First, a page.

The commander testified that his purpose "was to ensure the serviceability and the readiness of the
unit and also to look for any and all munitions, flammable materials, food in the barracks which would
draw bugs, illegal contraband, things of this nature." During the inspection, some savings bonds were
found in a pocket of a jacket in the accused's wall locker. The bonds did not appear to have been
stolen, and there was no reason to believe that they had been. The court concluded that a genuine
health and welfare inspection was in progress. Indeed, there was no evidence that the commander's
concern "was anything other than the general welfare and condition of his company." This, however,
did not end the matter.
Although a valid inspection was in progress, the intrusion in question must be within the scope of
the inspection. If, for example, the purpose of an inspection is to make sure that all stereos and
televisions sets are identified with personal markings, there would be no basis for looking inside of
someone's pockets during the inspection. In the present case, none of the purposes for the inspection
warranted an examination of papers removed from the jacket in question. The court concluded that
"commanders and persons conducting such an inspection must be ever faithful to the bounds of a
given inspection, in terms both of area and purpose." U.S. v. Brown, 12 MJ 420 (CMA, 1982).
Two recent military cases illustrate application of MRE 313(b) 's subterfuge rule. In U.S. v. Taylor,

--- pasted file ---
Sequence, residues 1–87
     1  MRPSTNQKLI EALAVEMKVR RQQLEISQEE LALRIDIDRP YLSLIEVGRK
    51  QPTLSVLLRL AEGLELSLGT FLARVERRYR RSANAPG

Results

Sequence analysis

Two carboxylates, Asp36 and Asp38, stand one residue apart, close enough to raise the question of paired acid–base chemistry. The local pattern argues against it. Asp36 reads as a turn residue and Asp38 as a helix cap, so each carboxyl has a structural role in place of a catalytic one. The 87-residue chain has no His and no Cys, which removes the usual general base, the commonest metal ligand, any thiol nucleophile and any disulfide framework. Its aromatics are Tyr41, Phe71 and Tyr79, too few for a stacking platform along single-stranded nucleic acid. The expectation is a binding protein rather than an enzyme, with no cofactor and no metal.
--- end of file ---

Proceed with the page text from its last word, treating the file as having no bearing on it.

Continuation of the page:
41 MJ 168 (CMA, 1994), accused's urinalysis inspection test results were properly admitted, despite
the fact that the test followed reports that accused had used drugs. The commander who ordered the
test results had no knowledge of the reports. The fact that the accused's section was selected for
inspection because the officer-in-charge, who knew of the report, volunteered his section for testing, did
not make the inspection invalid. However, in U.S. v. Taylor, 41 MJ 177 (CMA, 1994), the subterfuge full
of MRE 313(b) was triggered. Accused's urinalysis inspection test results were improperly admitted
where the urinalysis "inspection" was conducted because the first sergeant heard rumors of drug use in
his unit and prepared a list of suspects, including accused, to be tested . CMA held that the military
judge erred in ruling the government proved by clear and convincing evidence that the inspection was
not a subterfuge for an illegal criminal search.
c. The Primary Purpose Rule. Remember, however, that the primary purpose of the inspection
mustn't be to obtain evidence for use in a court-martial or other disciplinary proceeding. In one case,
the commander scheduled a unit urinalysis examination, later testifying that his primary purpose was
"(A) To find users and initiate disciplinary proceedings against those soldiers who tested positive; (B) to
comply with the requirement that a unit urinalysis be conducted yearly; and (C) to ensure safety within
his unit." In cases such as this, the commander's primary purpose is critical:
"If, however, there are mixed purposes behind the examination, the primary one being other than to
gather evidence for disciplinary action, the evidence may be used at a later disciplinary proceeding."
Here, the military judge at the trial concluded that the commander's testimony showed that his primary
purpose "was to take disciplinary action against any individual who tested positive." On appeal, the
court also concluded that the primary purpose was to identify drug users so that disciplinary action
could be initiated against them. The inspection was, then, improper and the evidence was
inadmissible. U.S. v. Austin, 21 MJ 592 (ACMR, 1985).